Corporate social action campaigns are always challenging. For many companies, the thought of taking a political stand on controversial issues is considered bad business, as it tends to alienate a chunk of its customers on the other side. But for some companies, whose customer profile leans one way that is less of a concern. And in this politically charged world we live in, where stores like Hobby Lobby are pushing political agendas on gay marriage and reproductive rights, the market has become ever-more primed for cause-based retailers.
I have always thought, for example, that the market would support paying a little extra for green products. There are enough people who get that paying a little extra for a less polluting product is worth it. Similarly, the market demand for companies that treat their employees fairly, respectfully and provide good benefits, including a living wage, is on the rise.
Still, even with a rising market for socially responsible businesses, issues like race relations are still challenging for businesses to address. Race is one of those issues were many hide their views from the public and others carry implicit biases they might not even recognize. So while race relations is one of the most important issues facing us, it is also one of the most difficult to talk about.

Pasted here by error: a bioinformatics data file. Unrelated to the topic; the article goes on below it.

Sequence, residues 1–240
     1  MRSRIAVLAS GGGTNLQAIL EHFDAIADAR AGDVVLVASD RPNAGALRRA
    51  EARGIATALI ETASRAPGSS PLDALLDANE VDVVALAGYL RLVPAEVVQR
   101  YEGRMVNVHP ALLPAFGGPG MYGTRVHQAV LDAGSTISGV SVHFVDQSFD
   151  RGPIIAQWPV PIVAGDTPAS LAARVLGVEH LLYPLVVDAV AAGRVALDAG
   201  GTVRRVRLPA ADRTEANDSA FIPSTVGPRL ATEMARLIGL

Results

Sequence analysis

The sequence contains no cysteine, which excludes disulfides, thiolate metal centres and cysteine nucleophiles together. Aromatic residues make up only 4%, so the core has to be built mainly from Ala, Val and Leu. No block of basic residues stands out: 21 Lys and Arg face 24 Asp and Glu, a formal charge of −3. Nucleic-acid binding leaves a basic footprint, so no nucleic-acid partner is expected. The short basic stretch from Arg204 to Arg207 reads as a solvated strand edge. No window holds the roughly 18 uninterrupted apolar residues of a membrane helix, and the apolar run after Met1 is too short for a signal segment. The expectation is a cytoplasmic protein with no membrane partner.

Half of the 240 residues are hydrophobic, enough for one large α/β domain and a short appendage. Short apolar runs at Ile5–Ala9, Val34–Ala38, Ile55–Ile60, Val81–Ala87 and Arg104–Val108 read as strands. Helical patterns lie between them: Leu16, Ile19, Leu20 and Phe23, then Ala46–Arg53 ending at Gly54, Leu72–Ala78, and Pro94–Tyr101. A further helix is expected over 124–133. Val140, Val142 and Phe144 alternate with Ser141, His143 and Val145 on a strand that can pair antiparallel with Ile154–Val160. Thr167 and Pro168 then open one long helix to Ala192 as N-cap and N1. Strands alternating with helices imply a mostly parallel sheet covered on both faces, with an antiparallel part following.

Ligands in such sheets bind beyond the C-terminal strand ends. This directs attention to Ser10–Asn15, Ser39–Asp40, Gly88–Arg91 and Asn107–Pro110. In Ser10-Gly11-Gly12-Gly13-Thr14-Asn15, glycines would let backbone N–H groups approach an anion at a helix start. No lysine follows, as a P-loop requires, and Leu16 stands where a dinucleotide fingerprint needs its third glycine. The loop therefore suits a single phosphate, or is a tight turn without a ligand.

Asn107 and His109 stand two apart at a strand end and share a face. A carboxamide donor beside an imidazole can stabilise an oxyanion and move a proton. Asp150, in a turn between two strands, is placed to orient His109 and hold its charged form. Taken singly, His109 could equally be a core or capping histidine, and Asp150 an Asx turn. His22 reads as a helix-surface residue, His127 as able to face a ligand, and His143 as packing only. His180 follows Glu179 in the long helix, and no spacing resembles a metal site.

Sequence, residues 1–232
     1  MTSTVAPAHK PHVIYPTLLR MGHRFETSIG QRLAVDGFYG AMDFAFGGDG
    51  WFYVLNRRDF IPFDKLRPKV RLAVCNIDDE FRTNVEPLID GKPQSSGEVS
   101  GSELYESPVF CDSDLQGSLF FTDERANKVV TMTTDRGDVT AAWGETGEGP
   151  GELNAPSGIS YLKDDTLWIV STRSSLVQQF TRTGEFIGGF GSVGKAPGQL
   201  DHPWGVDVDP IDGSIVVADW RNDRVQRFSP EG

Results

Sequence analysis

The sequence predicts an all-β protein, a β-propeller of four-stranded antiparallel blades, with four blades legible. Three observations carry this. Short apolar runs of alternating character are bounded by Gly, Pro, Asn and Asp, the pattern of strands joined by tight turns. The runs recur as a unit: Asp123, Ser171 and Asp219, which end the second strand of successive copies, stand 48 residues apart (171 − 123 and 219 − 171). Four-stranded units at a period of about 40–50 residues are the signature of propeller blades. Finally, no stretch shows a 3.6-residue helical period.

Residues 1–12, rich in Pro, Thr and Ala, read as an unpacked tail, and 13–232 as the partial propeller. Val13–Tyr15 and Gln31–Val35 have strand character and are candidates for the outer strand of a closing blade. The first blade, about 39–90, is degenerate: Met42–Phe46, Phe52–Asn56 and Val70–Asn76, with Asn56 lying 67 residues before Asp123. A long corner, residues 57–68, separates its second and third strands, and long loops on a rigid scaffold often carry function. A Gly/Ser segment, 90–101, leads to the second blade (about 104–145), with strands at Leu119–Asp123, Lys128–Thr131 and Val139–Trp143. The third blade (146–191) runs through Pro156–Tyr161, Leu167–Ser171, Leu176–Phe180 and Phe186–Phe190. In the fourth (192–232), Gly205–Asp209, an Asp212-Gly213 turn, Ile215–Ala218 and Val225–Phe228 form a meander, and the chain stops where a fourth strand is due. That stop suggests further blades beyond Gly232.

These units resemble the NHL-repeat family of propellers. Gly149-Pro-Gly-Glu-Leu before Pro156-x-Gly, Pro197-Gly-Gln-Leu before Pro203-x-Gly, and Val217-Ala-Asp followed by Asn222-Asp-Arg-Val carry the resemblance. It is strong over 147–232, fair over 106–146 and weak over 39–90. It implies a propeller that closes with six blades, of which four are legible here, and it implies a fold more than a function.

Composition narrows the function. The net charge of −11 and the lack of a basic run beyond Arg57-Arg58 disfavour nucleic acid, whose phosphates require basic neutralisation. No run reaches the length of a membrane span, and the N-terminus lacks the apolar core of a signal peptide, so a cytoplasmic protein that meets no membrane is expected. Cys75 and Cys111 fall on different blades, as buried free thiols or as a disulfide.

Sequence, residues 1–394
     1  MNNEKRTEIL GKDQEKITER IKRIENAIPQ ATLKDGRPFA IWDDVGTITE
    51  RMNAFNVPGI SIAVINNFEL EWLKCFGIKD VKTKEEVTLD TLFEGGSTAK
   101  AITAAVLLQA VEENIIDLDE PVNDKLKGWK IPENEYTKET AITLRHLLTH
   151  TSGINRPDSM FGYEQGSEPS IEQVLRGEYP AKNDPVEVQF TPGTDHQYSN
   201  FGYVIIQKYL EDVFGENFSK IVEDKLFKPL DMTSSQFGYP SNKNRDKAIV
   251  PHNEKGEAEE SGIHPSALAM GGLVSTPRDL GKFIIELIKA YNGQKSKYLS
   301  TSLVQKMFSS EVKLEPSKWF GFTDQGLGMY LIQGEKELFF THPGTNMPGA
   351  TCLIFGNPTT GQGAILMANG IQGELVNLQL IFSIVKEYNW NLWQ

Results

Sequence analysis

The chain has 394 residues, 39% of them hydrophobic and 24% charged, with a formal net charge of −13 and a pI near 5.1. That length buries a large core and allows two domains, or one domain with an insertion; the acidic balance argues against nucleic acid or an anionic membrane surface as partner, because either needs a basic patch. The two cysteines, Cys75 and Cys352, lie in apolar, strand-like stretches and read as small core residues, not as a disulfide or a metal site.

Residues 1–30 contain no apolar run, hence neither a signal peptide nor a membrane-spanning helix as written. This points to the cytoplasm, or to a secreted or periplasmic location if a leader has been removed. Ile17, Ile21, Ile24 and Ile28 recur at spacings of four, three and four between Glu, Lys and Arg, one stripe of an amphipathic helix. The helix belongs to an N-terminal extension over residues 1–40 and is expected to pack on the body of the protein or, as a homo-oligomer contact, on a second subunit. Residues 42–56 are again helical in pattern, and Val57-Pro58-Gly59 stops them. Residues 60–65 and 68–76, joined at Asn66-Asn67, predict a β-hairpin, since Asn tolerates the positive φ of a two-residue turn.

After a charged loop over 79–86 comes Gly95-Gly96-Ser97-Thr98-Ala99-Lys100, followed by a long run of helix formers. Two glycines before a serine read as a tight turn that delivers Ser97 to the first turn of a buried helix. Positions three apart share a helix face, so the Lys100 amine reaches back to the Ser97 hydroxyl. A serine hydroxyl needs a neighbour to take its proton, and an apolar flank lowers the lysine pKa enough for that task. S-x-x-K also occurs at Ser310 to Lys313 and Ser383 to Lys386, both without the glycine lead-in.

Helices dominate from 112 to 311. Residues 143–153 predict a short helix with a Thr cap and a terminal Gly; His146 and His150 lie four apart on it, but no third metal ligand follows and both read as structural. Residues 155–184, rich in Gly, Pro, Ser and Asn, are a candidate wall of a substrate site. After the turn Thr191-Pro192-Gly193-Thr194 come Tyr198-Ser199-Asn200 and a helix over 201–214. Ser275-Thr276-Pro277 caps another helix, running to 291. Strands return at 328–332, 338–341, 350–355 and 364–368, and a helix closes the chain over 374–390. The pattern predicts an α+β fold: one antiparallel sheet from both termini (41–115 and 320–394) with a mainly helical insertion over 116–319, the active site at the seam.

Just ask Starbucks' Senior Vice President of Communications Corey duBrowa, who deleted his Twitter account after he was inundated with hate tweets over the #RaceTogether campaign. It was as if he did not see this storm coming. I think he should have anticipated it, just as JP Morgan's Jamie Dimon should have anticipated the reaction to his #AskJPM tweetchat. And while duBrowa hit the escape button too fast on this one, it is heartening to see he came back to Twitter within a day.
Despite the blowback on the #RaceTogether campaign, duBrowa's return to Twitter is a strong indication that he gets that this really is a tough issue and it deserves committed champions who will persevere through the criticisms to carry on the conversation. For while the conversation is currently more about Starbucks than race, the Starbucks focus will fade and the conversation about race will continue to grow.
I am hopeful that the conversation about race on social media, in particular, will grow more from people who are committed to improving race relations and less from people who are outraged about the next horrific example of racism in America. Those horrors, like the death of Eric Garner, will likely continue. But hopefully they will become less frequent as the conversations to solve the problem become more mainstream.
As we say at my office, "Carpe colloquium... Seize the conversation." Because though talking about race won't solve the problem by itself, the solution won't happen if we remain silent.
Social Advocacy and Politics is an exclusive Social Media Today column by Alan Rosenblatt, Ph.D. published every Tuesday.